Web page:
Mixing and Matching. The CFPB in the Order appeared to apply factors from a variety of the allegedly unlawful arrangements to reach its conclusions of widespread violations of Section 8(a) of RESPA. That is, it appears the CFPB found that alleged conduct of the parties taken together was unlawful and remediable. In the Summary Findings in the Order, the CFPB stated that the real estate brokers "referred thousands of consumers to [Lender]" and "gave these counterparties payments in return for the referrals." The lesson for mortgage lenders here may not be new and different. That is, a regulator like the CFPB is likely to go beyond the description of specific agreements or arrangements and consider all relevant facts pertinent to a respondent's course of conduct under whatever agreements or arrangements are in place.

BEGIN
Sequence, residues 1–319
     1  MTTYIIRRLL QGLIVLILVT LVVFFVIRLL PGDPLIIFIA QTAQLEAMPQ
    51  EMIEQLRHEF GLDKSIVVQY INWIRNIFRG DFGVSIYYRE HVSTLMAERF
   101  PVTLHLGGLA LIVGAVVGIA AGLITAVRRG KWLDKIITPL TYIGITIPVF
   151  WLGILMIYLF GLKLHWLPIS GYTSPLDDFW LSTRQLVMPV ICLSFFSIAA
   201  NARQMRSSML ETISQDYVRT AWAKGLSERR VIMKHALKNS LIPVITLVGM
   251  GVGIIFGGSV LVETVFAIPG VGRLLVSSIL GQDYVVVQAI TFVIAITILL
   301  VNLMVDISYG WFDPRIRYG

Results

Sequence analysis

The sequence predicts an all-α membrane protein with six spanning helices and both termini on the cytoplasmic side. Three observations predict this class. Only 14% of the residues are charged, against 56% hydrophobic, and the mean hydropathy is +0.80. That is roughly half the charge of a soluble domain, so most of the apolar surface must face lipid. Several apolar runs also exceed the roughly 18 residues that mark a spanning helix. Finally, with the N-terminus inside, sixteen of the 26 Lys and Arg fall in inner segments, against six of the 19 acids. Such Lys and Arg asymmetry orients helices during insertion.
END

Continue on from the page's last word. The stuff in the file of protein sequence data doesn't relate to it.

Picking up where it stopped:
Implementation and Risk Management. It appears from the Order that even though the agreements at issue may have been lawfully designed under Section 8(a), the implementation of the agreements might not have assured compliance with certain contractual or legal formalities. Examples appeared to include ensuring that payments in co-advertising were proportional and rental payments under desk rental agreements were based on prevailing market rent. As has been the case historically in connection with RESPA Section 8, actual conduct of the parties matters and otherwise-lawful written agreements are not compliance "safe harbors" unless the parties actually comply with them. Along these same lines, it can be observed that the sheer number of agreements in the case might have posed risk management oversight challenges. Commonplace compliance pointers to mortgage lenders entering into RESPA-sensitive arrangements typically have included exercising centralized control of document preparation and execution and then centrally monitoring performance under such arrangements.